In residential news, Mrs. Elba Burdick was lightened of $1,000 worth of clothing, rugs and pesky jewelry that were cluttering up her place at 232 Carmelina Avenue; Nathan Lack now lacks one $600 diamond stickpin, formerly in residence at 831 South Harvard; Torato Nishlo was relieved of $500 in jewelry from 925 Hemlock; Dr. H. C. Hill of 806 Golden, also relieved of $500 in jewelry; Nathan Berger, of 2010 Brooklyn Avenue, also relieved of $500 in jewelry; and loot valued at less than $300 was pilfered from a dozen other residences, according to police reports.

Daylight is a good time to work as well—Sam Stone got his register rifled while looking the other way, Stone Furniture Company, 2711 Brooklyn Avenue.

IamtheyeggmanBut fret not people of Los Angeles!  The bulls have pinched (another) gang of li’luns, ages 15 to 18, who now make the Alhambra pokey their new clubhouse.  Their leader was busting into the home of an F. R. Lee on North Wilson when popped, and quickly gave up his younger cohorts—they of reputable local families—and location of purloined rugs, cameras, revolvers, and the black masks (cute—last year) they wore during their heists.  The youth of these masked marauders may account for the ability to slip through Wrede Drug’s tiny window.  Unless it was those fabled fascistic interwar little people.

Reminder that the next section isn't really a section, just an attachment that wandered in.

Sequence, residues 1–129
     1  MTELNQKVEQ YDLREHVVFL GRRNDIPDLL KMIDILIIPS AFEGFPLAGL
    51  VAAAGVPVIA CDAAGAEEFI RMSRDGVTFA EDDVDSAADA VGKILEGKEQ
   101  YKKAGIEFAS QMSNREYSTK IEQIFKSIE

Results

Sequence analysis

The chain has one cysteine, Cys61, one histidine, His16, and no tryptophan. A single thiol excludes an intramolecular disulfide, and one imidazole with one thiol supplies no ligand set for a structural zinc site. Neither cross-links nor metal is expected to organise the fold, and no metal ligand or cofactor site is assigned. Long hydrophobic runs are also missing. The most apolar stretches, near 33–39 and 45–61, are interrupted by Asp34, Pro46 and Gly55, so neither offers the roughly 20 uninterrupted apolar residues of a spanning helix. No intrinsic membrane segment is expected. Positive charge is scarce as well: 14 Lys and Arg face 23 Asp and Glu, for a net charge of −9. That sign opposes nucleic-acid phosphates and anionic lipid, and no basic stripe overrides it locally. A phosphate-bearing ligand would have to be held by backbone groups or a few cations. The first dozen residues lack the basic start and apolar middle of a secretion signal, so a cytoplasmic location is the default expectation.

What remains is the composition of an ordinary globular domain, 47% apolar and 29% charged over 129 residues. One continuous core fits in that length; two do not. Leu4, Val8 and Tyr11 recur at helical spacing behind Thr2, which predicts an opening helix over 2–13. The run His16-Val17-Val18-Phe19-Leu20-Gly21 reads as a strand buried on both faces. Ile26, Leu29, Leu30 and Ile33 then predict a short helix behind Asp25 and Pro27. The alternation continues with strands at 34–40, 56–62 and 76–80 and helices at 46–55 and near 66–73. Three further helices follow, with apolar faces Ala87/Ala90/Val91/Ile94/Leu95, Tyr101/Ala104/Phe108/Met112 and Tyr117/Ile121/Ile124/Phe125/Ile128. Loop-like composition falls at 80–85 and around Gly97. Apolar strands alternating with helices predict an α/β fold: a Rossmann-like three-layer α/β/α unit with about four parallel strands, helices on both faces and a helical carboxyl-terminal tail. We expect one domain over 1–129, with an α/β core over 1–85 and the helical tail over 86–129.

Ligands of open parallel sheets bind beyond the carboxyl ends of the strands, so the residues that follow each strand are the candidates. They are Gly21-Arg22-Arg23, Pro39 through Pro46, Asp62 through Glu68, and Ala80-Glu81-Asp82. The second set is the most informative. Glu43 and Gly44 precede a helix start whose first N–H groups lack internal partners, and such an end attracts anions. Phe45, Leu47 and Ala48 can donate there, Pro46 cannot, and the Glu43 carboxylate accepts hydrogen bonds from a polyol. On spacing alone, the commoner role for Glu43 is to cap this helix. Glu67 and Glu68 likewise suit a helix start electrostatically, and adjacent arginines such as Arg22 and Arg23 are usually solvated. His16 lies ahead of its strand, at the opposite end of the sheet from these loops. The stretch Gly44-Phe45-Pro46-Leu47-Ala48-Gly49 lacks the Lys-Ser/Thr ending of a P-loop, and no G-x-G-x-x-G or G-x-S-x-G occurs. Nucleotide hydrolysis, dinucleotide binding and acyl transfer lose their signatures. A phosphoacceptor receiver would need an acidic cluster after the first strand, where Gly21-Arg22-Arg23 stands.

Silence is golden, and so’s the shooter’s hair

January 17, 1927
Hollywood

When the doc refused to keep things quiet after treating oilman Grover Lawler’s (happily superficial) bullet wounds at his home in the Dickerson apartments at Berendo and Beverly, Lawler told visiting cops that he’d shot himself. No, he would not produce the weapon. Damn, won’t you flatfoots let a guy recuperate in peace?

Grauman Court apartments, Melrose & Kenmore

Not so fast, Grover. You wouldn’t know anything about reports that a hysterical blond woman armed with a .38 had fired wildly at a car bearing two men and a woman tonight, just six blocks from your place, at the Grauman Court apartments at 4428 Melrose? No? Because G.A. Hessman, resident, has described the incident thoroughly, and turned over the gun that the woman threw into the grass at his feet when she was finished.